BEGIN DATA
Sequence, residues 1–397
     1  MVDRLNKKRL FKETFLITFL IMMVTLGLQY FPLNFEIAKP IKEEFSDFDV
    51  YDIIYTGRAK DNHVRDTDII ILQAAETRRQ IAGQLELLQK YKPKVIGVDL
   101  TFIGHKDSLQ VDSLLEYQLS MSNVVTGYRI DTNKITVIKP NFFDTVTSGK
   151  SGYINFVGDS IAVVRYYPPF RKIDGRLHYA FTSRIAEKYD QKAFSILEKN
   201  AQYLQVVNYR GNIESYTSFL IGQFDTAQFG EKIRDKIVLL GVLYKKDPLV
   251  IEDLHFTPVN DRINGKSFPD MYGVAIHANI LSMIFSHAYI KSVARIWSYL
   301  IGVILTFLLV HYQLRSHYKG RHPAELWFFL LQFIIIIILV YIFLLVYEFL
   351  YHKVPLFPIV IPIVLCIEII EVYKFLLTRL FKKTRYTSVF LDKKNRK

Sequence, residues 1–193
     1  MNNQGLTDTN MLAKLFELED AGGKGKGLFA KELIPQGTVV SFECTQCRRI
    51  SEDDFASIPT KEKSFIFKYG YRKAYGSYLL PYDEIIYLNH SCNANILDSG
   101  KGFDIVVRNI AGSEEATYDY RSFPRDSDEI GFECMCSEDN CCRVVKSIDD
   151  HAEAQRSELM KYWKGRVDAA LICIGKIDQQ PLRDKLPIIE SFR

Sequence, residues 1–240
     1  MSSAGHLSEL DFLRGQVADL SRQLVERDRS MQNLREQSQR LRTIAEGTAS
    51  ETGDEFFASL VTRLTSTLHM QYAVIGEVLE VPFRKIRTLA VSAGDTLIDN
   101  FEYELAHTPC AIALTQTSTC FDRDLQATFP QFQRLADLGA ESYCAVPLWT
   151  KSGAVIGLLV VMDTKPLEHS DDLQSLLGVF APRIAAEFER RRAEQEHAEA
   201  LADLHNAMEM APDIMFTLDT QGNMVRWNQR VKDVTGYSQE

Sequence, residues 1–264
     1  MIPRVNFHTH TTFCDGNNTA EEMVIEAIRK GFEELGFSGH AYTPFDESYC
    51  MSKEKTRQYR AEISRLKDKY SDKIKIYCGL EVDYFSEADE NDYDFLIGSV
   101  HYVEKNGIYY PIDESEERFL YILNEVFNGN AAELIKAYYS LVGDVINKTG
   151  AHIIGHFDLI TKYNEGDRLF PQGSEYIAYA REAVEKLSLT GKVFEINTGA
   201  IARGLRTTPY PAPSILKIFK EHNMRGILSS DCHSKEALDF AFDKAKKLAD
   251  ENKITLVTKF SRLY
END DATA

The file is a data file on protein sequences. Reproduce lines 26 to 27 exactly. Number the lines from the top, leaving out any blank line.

   201  IARGLRTTPY PAPSILKIFK EHNMRGILSS DCHSKEALDF AFDKAKKLAD
   251  ENKITLVTKF SRLY